Moroni, Visitations of
From 1823 to 1829, the angel Moroni2 appeared at least twenty times to Joseph Smith and others. Those appearances opened the way for the translation and publication of the Book of Mormon and laid the foundation of many of the Church's most characteristic teachings. As a resurrected messenger of God, Moroni told Joseph Smith about the Nephite record on gold plates and taught him concerning the gathering of Israel, the forthcoming visit of Elijah, the imminence of the second coming of Jesus Christ, and the judgments to be poured out on the world prior to that event.
Of Moroni's first appearance on the night of September 21, 1823, Joseph Smith recorded:
After I had retired to my bed for the night, I betook myself to prayer and supplication to Almighty God for forgiveness of all my sins and follies, and also for a manifestation to me, that I might know of my state and standing before him . . . . While I was thus in the act of calling upon God, I discovered a light appearing in my room, which continued to increase until the room was lighter than at noonday, when immediately a personage appeared at my bedside, standing in the air . . . . He had on a loose robe of most exquisite whiteness. It was a whiteness beyond anything earthly I had ever seen . . . . His hands were naked, and his arms also, a little above the wrist; so, also, were his feet naked, as were his legs, a little above the ankles. His head and neck were also bare . . . . His whole person was glorious beyond description, and his countenance truly like lightning. (JS—H 1:29—32)
The angel introduced himself as Moroni, and as he told about the Nephite record, its contents, and the interpreters buried with it, Joseph saw in vision their location in the hill cumorah. Moroni warned Joseph not to show the plates or the interpreters to anyone except those whom the Lord designated. Moroni also quoted certain prophecies from the Bible, including Malachi 3—4, Isaiah 11, and Acts 3:22—23.
After the angel left, Joseph lay contemplating this experience, and Moroni returned a second time and repeated verbatim everything he had said in his first visit, adding more detail about the coming judgments, and then returned a third time to repeat his instructions and to warn Joseph that he must put all thoughts of worldly wealth aside and concentrate solely on the translation of the record and the establishment of the kingdom of God.
As Moroni left the third time, Joseph said he heard the cock crow, the visitations having occupied the entire night. He arose and went into the fields with his father and his older brother Alvin, but felt tired and feeble. His father, noticing his son's condition, told him to return to the house. As Joseph was climbing over a fence, he fell to the ground unconscious.
The next thing he remembered seeing was Moroni standing over him, repeating his instructions of the night before, adding that Joseph should now tell his father about the visitations. Joseph did so, and his father, assured that the vision came from God, told Joseph to follow the angel's instructions (JS—H 1:46—50).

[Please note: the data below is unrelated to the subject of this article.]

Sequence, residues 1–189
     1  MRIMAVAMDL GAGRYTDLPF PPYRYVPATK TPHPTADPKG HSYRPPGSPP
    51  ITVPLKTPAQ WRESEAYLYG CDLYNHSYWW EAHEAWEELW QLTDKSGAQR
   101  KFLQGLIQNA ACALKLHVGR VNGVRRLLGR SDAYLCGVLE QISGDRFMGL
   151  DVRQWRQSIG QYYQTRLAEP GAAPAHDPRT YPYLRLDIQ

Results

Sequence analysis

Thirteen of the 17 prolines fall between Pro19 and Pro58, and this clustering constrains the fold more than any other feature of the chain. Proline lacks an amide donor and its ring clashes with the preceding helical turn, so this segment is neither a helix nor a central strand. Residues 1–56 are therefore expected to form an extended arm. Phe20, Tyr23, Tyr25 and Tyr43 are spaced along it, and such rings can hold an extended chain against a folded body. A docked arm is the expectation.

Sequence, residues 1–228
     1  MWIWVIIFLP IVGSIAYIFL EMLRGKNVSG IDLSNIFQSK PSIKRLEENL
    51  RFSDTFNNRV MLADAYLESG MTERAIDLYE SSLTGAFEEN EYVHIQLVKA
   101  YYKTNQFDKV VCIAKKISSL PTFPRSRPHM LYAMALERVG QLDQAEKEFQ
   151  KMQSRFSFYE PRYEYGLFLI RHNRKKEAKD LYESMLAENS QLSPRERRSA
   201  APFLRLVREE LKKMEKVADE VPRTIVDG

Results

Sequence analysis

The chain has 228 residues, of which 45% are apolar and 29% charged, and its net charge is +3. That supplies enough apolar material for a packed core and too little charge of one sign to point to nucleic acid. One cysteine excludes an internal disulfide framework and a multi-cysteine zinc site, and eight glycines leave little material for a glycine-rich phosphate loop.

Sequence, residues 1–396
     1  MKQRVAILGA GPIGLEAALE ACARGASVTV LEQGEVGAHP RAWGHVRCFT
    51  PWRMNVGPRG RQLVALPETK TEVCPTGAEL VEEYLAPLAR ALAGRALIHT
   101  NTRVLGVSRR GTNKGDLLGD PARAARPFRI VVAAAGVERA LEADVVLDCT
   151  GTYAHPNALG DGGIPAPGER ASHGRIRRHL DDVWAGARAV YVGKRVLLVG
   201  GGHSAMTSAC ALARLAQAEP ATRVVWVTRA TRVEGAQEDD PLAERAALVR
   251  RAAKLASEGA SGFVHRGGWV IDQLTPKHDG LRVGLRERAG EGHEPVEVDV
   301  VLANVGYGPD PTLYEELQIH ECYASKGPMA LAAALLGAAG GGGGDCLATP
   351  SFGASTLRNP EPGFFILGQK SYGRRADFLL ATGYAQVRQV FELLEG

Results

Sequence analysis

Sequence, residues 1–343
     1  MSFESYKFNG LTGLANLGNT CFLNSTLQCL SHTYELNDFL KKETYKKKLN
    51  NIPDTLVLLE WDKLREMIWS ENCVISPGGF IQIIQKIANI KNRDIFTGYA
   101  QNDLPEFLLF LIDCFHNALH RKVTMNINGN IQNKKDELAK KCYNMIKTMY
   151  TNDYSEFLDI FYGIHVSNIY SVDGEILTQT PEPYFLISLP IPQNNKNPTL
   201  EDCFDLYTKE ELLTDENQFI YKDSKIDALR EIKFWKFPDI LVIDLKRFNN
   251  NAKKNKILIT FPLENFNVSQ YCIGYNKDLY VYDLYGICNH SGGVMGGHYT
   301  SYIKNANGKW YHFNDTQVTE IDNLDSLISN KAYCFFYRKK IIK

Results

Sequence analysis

Joseph Smith then went to the hill and found the place shown him the night before in vision. He uncovered the plates and was about to remove them when Moroni appeared again, counseling Joseph that the time was not yet right. Instead, he instructed Joseph to return to this spot at the same time the following year and that he should continue to do so until the time had come for obtaining the plates (JS—H 1:51—54).
It is reported that during those years Joseph Smith also received visits from Mormon, Nephi, and other "angels of God unfolding the majesty and glory of the events that should transpire in the last days" (HC 4:537; cf. JD 17:374; Petersen, p. 131). Joseph shared with his family some of his experiences. His mother, Lucy Mack Smith, recalled, "From this time forth, Joseph continued to receive instructions from the Lord, and we continued to get the children together every evening for the purpose of listening while he gave us a relation of the same . . . . He would describe the ancient inhabitants of this continent, their dress, mode of traveling, and the animals upon which they rode; their cities, their buildings, with every particular; their mode of warfare; and also their religious worship. This he would do with as much ease, seemingly, as if he had spent his whole life among them" (pp. 82—83).
Moroni temporarily reclaimed the plates and the interpreters after Martin Harris had lost the first 116 manuscript pages of the translation. Later, when Joseph Smith moved from Harmony, Pennsylvania, to Fayette, New York, in June 1829, Moroni returned them to him there (Smith, pp. 149—50). Still later, Moroni showed the plates to the Three Witnesses (HC 1:54—55), took them after the translation had been completed (JS—H 1:60), and once more returned them briefly to Joseph to show to the Eight Witnesses (see Witnesses of the Book of Mormon).
In addition to Joseph and the Three Witnesses, Mary Whitmer also saw the angel and talked with him. Mary Whitmer said she was shown the gold plates when she conversed with Moroni (Peterson, pp. 114, 116). Other sources indicate that Moroni appeared also to W. W. Phelps, Heber C. Kimball, John Taylor, and Oliver Granger (Peterson, pp. 151—52).
Backman, Milton V., Jr. Eyewitness Accounts of the Restoration, rev. ed. Salt Lake City, 1986.
Cheesman, Paul R. The Keystone of Mormonism, rev. ed. Provo, Utah, 1988.
Peterson, H. Donl. Moroni: Ancient Prophet, Modern Messenger. Bountiful, Utah, 1983.
Smith, Lucy Mack. History of Joseph Smith. Preston Nibley, ed. Salt Lake City, 1958.